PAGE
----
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3 Effective Ways to Improve Your Team’s Digital Literacy

As any experienced manager knows, a team with low digital literacy can be a very frustrating experience. Workflows can be impeded, projects delayed, and many mistakes might be made because of a lack of understanding.
Daniel Zacharias

Code Power Team

February 5, 2024

Imagine this: you’re about to have your 3rd Zoom call with a team member who doesn’t understand how they’re using the wrong file format. Perhaps something similar has happened to you, and you didn’t even have to imagine it.

As any experienced manager knows, a team with low digital literacy can be a very frustrating experience. Workflows can be impeded, projects delayed, and many mistakes might be made because of a lack of understanding.

In this article, I will explain how you can lead your team toward a rich understanding of computers, social media, technology, and the digital world. Let’s get started!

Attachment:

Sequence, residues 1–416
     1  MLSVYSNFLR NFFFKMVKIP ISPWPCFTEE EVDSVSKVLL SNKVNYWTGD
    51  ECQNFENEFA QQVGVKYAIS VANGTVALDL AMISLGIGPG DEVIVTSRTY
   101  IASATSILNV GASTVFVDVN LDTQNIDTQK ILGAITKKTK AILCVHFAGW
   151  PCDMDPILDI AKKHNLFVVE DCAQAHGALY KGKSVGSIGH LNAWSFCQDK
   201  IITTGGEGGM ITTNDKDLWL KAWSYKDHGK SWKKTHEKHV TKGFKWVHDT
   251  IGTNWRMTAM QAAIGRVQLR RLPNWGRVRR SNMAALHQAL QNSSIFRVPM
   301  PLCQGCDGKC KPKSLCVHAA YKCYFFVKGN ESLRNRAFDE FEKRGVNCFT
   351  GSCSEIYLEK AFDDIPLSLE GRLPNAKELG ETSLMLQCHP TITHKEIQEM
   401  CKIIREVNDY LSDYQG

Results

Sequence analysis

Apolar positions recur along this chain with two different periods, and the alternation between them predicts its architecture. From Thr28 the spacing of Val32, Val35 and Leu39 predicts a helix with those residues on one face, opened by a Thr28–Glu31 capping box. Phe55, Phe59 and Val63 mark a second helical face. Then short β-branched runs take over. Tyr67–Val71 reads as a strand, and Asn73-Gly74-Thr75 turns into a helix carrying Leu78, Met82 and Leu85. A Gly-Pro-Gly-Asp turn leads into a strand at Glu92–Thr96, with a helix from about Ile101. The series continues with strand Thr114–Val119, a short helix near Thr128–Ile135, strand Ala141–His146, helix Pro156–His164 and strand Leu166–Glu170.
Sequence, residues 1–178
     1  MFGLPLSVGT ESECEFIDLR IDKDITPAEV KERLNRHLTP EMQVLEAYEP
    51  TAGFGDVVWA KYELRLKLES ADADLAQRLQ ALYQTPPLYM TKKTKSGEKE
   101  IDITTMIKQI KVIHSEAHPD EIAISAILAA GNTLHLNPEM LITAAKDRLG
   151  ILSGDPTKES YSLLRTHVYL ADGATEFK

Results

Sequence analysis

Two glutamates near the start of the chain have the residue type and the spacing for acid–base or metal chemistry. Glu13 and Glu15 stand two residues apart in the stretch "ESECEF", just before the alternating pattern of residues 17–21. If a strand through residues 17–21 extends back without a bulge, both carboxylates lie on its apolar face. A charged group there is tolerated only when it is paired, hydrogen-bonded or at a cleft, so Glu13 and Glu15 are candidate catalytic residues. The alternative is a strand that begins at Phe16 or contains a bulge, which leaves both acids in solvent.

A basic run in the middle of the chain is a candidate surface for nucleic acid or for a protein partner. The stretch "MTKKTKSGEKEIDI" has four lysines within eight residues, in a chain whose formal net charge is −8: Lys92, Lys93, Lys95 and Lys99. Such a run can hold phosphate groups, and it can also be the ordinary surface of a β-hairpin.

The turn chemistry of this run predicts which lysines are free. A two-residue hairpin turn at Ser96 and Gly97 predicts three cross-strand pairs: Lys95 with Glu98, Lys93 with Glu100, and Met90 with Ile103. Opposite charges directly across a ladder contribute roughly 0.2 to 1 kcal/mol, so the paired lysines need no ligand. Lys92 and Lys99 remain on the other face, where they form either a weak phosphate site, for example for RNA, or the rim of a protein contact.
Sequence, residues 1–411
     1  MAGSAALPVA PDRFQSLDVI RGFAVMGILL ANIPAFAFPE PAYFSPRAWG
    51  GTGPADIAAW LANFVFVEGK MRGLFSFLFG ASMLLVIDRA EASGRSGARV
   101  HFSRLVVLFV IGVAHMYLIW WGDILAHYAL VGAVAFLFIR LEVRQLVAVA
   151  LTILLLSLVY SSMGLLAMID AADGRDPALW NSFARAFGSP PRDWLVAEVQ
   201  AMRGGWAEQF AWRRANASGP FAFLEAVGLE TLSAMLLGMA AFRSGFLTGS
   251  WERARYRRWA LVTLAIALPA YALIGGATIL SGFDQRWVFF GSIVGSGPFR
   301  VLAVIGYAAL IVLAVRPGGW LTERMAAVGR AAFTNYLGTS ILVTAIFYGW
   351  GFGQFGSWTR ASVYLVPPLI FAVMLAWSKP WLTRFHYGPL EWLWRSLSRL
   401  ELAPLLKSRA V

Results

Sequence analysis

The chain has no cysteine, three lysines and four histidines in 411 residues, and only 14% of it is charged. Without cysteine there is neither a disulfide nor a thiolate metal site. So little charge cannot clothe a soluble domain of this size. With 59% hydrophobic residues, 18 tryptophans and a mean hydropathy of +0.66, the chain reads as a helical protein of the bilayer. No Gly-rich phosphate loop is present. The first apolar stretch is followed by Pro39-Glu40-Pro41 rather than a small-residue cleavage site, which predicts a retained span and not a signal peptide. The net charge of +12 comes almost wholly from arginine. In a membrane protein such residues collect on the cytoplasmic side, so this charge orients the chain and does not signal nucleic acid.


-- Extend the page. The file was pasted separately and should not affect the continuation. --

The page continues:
What the statistics tell us

According to the National Skills Coalition, 92% of jobs today require digital skills. However, previous research by the NSC also finds that a third of workers either have low or absolutely no digital skills.

That’s a frightening reality!

This issue is becoming known as the digital divide. And it has to be dealt with, or a lot of the workforce will be unable to cope in this digital age.

So, how can we address it? Here are some ideas on how you can help your team develop their digital skills. 

1. Offer in-house training

One of the first ways to encourage digital literacy within your team is to offer in-house training. 

The benefits of this over using an external provider are:

  • reduced costs.
  • relationship building through training.